In this new series, The Arts in Palliative Care, we look at how the arts in palliative care settings can be a powerful and effective way of addressing the practical, psychological, social and spiritual issues that face people at the end of their lives.
Today, Claire Oppert, Cellist and Art Therapist, Unité douleur chronique et soins palliatifs, CHU Sainte Perine, Paris, France, explains how music can help to relieve patients’ anxiety and pain during painful procedures.
Having trained in three different disciplines, I entered the field of palliative care in 2011 wearing three hats: as a cellist (Moscow Conservatoire), a philosopher (a Masters at the Sorbonne, Paris) and an art therapist (Faculté de médecine de Tours – University of Tours medical school). After much experience with autistic patients and those with dementia, the focus of my research is now on end-of-life patients.
The name, ‘Schubert dressing’, was inspired by an impromptu music session with an 84-year-old patient. The lady was in intense pain during her treatment but found enormous relief as she listened to me playing the slow movement of Schubert’s 2nd trio on my cello. This creative experiment led to an open, prospective, non-randomised comparative study conducted over four years which included 107 painful care procedures, such as complex dressings, bed baths and hair washing, intra-venous and intra-catheter insertions, difficulties in moving patients, or therapeutic baths.
Using a validated pain scale, nurses assessed communication and pain during care sessions on alternate days: one with a cello accompaniment and one without. Pain relief was evaluated at 10 to 50 per cent following a ‘Schubert dressing’ session, demonstrating its effectiveness as a non-medical analgesic.
In spite of methodological difficulties, we find that the emotional impact of the music is beneficial to both the patient and the carer who provides the treatment. Bringing the patient and carer into contact with Art through music relieves the patient’s anxiety and improves the carer’s psychological wellbeing too.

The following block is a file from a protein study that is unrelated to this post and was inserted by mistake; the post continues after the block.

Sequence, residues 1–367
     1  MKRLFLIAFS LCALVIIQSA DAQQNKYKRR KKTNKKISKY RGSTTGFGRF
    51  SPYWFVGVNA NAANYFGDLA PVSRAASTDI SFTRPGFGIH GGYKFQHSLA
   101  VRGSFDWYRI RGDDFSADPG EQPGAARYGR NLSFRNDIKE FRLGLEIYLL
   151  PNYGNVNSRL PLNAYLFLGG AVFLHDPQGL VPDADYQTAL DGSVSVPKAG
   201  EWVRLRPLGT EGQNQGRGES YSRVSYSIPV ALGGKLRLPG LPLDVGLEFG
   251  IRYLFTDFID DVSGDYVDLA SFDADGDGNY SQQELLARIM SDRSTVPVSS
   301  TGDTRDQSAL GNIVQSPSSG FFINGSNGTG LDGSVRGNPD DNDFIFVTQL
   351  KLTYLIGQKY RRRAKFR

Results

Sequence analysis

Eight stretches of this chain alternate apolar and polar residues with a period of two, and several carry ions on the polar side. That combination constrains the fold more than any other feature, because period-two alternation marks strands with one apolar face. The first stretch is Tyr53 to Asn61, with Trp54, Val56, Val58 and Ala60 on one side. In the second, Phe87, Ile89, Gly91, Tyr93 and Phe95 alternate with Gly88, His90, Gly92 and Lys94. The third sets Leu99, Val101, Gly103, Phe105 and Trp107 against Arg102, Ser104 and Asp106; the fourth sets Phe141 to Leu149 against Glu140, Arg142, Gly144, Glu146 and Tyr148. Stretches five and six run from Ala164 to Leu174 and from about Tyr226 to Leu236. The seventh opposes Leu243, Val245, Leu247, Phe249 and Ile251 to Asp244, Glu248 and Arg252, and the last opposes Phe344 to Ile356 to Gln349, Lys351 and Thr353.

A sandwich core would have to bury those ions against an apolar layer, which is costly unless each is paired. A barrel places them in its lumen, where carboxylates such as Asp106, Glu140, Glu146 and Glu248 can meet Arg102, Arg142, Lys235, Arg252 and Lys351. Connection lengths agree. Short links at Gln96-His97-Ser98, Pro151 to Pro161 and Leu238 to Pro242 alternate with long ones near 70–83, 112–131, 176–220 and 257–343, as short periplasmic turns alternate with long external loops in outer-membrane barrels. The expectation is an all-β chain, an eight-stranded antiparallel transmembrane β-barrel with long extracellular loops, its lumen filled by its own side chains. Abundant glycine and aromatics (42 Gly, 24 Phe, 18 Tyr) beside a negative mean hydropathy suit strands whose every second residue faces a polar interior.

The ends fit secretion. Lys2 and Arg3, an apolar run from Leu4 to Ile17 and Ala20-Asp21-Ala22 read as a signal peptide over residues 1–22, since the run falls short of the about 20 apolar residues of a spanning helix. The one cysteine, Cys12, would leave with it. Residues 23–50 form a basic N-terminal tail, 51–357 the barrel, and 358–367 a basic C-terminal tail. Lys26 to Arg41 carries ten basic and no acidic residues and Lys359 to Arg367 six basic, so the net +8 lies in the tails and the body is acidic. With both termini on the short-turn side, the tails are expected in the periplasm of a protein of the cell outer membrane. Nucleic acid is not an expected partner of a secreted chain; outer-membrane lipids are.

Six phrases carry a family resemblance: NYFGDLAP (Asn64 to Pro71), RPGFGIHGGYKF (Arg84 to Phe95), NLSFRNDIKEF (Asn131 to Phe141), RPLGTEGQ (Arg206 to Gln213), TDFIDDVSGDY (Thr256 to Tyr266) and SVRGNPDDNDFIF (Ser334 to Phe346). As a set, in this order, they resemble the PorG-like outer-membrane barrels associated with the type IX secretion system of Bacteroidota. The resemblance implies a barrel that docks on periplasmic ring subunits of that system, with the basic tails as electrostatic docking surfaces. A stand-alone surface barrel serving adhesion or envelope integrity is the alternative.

To develop my understanding of patients’ experiences during music therapy sessions, I did a retrospective, exploratory and qualitative study based on methodical analysis of the words uttered by 250 patients.
This analysis reveals through a growing acceptance of ‘beauty’, true symptom relief with genuine sensory satisfaction expressed. Despite the complexity of the patient’s experiences, an ‘existential renewal’, of what is referred to as the patient’s ‘deep core’, appears in many of the words spoken. During this shared musical pause, patients also describe a unifying movement in time and a possible revival in their family relations. This embodied experience, mediated by music and the human encounter, appears also as a yearning for transcendence.
Links and Resources
- Contact Claire by email.
- Video clips:
RTS – Un violoncelle pour soulager la douleur.
France 5 – Le Magazine de la santé : La musique pour apaiser la douleur.
- Article about what patients say during music therapy sessions.
- Read the abstracts of three posters presented by Claire at the 15th EAPC World Congress 2017 in the EAPC 2017 Book of Abstracts
- What patients say during music therapy sessions: an exploratory study.
- An art-therapy experience: stimulation of residual capacities in patients with dementia.
- THE SCHUBERT DRESSING: Musical counter-stimulation and its impact on painful care procedures in palliative care.